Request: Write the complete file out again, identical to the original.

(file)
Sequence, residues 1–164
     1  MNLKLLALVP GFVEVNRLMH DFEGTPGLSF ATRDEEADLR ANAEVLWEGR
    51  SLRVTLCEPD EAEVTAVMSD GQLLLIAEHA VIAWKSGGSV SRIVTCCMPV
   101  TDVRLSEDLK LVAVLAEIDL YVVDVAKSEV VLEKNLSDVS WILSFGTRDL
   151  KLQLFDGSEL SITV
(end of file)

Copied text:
Sequence, residues 1–164
     1  MNLKLLALVP GFVEVNRLMH DFEGTPGLSF ATRDEEADLR ANAEVLWEGR
    51  SLRVTLCEPD EAEVTAVMSD GQLLLIAEHA VIAWKSGGSV SRIVTCCMPV
   101  TDVRLSEDLK LVAVLAEIDL YVVDVAKSEV VLEKNLSDVS WILSFGTRDL
   151  KLQLFDGSEL SITV